also Romanian nationals will be allowed to perform seasonal work in
Hungary for up to three months. The two premiers also agreed that
Romanian nationals who are married to ethnic Hungarians will not be
eligible for travel and educational benefits in Hungary. The
opposition Socialist Party sharply criticized the extension of
employment benefits to Romanian nationals, saying that the more than
500,000 Hungarians who live off seasonal work will now have to face
competition from Romanians. FIDESZ Chairman Zoltan Pokorni told
Hungarian television that the concession made to Romania is not
significant, since Romania has not even exploited half of the 8,000
quota on seasonal work that was in force. For his part, opposition
Free Democrat parliamentary group leader Istvan Szent-Ivanyi said the
cabinet chose the worst possible solution and accepted the extension
of job benefits to Romanians without first analyzing its impact.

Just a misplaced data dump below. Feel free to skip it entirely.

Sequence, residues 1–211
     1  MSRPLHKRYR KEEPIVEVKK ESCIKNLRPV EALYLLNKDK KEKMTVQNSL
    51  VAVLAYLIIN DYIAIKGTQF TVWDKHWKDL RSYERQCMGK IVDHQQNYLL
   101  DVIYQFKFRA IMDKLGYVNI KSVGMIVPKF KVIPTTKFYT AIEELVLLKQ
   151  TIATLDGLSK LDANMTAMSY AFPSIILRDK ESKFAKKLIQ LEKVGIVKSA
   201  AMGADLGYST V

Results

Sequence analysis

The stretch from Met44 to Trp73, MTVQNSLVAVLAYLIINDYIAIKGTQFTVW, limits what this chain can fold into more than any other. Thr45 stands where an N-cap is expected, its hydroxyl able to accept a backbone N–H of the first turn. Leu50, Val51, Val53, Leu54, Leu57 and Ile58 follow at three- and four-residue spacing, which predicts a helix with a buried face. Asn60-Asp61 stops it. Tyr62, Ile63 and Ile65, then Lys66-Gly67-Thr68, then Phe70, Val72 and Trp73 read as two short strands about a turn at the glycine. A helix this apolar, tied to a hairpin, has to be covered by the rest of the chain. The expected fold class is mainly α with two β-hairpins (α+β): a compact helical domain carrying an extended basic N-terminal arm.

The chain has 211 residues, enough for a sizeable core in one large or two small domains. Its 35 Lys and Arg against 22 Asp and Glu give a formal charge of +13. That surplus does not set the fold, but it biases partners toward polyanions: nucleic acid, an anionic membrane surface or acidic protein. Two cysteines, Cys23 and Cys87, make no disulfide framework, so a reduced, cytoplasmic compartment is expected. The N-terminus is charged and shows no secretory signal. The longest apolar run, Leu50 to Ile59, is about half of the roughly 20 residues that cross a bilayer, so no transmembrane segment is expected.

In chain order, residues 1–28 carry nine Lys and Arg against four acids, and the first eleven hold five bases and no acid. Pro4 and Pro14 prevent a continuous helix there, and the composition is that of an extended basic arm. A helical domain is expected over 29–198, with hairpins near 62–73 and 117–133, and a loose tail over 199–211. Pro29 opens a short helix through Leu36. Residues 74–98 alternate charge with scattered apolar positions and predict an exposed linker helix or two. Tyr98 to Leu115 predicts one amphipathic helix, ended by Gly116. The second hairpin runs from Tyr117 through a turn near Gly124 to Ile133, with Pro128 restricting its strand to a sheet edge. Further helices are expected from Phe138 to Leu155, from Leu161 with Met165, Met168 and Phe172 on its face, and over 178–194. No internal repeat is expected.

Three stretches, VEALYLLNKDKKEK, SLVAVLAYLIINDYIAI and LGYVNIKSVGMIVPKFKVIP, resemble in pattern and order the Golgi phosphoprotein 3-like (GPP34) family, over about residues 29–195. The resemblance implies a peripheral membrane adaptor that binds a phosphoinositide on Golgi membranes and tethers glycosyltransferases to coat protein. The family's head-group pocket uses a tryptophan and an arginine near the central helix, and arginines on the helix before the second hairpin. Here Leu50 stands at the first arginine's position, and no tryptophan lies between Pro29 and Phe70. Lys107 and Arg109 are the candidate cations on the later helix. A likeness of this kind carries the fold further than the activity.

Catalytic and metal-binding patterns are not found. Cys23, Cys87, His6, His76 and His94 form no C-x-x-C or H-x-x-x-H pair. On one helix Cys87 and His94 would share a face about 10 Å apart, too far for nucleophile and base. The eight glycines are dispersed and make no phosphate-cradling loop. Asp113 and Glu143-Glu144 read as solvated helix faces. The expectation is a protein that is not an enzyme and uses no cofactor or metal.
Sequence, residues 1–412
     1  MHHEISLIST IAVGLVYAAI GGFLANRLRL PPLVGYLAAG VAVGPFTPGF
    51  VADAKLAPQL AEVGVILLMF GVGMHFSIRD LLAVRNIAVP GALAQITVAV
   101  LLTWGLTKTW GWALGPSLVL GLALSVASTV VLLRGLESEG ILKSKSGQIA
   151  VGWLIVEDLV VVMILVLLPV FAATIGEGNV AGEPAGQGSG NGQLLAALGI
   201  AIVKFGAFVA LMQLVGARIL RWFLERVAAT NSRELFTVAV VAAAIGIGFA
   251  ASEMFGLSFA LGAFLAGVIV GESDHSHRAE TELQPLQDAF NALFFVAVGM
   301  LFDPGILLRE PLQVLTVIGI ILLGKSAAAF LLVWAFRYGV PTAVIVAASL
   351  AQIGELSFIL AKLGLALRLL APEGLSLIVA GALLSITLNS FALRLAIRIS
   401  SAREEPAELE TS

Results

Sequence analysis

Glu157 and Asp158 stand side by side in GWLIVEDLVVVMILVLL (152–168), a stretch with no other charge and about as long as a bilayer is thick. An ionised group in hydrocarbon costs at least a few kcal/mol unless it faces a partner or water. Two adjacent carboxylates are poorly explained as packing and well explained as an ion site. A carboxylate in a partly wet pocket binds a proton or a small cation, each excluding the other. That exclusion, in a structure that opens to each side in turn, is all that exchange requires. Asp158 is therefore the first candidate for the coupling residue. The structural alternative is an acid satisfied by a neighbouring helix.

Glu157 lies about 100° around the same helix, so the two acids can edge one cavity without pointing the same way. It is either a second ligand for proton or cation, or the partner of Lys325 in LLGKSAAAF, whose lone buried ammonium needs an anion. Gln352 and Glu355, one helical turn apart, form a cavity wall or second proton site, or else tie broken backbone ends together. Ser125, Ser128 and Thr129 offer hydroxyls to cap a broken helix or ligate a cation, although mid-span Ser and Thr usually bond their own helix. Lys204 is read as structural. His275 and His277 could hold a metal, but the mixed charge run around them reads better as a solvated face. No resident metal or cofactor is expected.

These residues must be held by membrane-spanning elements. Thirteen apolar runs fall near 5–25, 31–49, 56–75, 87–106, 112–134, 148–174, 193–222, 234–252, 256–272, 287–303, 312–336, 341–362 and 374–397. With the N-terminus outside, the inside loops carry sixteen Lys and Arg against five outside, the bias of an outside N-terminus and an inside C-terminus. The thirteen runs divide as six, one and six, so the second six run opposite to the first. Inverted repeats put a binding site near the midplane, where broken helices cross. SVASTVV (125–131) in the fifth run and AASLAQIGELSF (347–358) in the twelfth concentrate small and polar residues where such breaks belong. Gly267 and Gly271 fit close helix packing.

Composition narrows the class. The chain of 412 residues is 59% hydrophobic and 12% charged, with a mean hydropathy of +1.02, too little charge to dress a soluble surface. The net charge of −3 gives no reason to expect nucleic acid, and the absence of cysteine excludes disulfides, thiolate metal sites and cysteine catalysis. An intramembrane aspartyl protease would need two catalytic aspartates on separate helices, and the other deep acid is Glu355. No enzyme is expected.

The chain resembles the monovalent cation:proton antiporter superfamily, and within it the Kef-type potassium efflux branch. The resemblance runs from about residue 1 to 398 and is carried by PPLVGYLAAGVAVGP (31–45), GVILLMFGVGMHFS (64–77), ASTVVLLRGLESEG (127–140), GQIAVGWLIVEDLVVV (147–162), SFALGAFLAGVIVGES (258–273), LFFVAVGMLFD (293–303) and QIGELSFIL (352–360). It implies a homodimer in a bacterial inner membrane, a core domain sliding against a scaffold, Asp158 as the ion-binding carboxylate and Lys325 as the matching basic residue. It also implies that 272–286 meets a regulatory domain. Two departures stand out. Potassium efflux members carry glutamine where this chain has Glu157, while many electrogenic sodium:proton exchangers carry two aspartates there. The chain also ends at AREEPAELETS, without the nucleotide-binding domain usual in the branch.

("RFE/RL Newsline," 28 December)

.............


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RADIO FREE EUROPE/RADIO LIBERTY, PRAGUE, CZECH REPUBLIC
________________________________________________________
RFE/RL (Un)Civil Societies
Vol. 3, No. 2, 9 January 2002

................

BULGARIA

TWO-CHILD FAMILY PREFERRED. According to a recent poll conducted
by the Bulgarian National Statistics Institute, about two-thirds of
respondents said they would prefer a family with two children,
news.bg reported on 7 January. One-fifth of the respondents said they
would prefer to have one child, and about 14 percent said that they
would like to have three or more children. Among the various ethnic
minorities in the country, only Romany respondents show different
figures, while the responses of the Turkish minority resemble the
overall results. Among the Roma, about one-third of the families said